British and Irish Lions 2013: Quade Cooper’s angelic conversion

Queensland Reds star is relishing the prospect  of captaining his team against the Lions today as he strives to leave behind his controversial past. But will his efforts be enough to earn a recall to Australian colours, asks Chris Hewett

Their supporters – and there are many thousands of them in Wallaby country, most of them of an anti-establishment persuasion – call them “the three amigos”. The disapproving, who are fewer in number and rather more buttoned-up, refer to them as “the terrible trio”. They may yet come to be known, not least to a Lions hierarchy fearful of their potential to wreak havoc on a rugby field, as “hell’s triumvirate”. But when all is said and done, collective terms sit uneasily with individuals as distinctive as Kurtley Beale, James O’Connor and Quade Cooper.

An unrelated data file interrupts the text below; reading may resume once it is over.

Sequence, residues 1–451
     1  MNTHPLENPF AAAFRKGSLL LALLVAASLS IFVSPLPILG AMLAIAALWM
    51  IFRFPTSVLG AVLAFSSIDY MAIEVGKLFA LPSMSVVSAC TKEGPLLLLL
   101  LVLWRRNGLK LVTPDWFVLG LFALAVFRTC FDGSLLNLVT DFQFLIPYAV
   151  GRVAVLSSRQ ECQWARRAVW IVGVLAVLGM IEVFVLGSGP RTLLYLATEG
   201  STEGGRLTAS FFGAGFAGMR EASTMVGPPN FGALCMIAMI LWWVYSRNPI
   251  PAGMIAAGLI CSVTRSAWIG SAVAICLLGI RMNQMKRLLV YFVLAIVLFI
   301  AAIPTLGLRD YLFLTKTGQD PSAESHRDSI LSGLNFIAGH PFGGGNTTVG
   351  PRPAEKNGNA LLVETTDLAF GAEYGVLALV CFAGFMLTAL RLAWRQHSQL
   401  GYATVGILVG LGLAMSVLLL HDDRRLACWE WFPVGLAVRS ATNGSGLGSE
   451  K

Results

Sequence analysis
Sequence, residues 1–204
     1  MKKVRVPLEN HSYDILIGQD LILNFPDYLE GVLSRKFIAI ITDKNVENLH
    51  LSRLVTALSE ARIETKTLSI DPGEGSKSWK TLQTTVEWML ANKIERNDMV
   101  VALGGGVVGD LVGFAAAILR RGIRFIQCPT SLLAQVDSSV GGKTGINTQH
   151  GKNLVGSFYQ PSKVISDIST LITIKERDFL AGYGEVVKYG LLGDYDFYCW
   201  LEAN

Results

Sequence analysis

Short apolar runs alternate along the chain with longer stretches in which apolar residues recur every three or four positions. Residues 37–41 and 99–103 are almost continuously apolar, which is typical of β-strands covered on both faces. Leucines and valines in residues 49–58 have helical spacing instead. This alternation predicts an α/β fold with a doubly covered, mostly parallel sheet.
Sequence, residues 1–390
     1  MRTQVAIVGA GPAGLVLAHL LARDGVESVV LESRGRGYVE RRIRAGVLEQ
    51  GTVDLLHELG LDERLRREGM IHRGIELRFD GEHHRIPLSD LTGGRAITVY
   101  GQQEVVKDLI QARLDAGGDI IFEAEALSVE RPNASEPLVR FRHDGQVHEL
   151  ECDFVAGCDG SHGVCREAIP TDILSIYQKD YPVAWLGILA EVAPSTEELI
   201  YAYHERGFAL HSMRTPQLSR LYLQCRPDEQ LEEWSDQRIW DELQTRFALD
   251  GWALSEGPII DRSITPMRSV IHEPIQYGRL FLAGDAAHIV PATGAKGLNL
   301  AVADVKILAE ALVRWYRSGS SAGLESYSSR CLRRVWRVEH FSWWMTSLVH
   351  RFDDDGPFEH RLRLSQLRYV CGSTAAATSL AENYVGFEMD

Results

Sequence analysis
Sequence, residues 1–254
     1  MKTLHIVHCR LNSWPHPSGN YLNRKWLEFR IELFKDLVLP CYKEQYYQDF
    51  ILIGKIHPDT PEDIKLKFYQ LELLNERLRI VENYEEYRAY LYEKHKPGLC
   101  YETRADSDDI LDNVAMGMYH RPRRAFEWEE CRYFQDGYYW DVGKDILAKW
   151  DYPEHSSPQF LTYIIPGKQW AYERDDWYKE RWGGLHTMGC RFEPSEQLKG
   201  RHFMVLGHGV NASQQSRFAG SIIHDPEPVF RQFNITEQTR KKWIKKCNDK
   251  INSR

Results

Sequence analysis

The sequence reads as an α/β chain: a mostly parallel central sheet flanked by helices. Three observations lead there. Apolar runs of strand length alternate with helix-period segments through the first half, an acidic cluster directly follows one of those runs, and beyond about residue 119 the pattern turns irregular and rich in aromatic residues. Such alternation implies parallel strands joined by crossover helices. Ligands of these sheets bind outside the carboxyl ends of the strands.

Imagine the Lions picking Gavin Henson, Danny Cipriani and Chris Ashton in the same back division and you begin to get the picture. Beale, a player of Aboriginal descent, is blessed with a God-given rugby talent equalled only by a gift for surrounding himself with some bad friends and drinking himself into trouble. The cherubic O’Connor, a butter-wouldn’t-melt type from the Gold Coast, has also had his run-ins with authority, albeit of a very different kind and to a very different degree.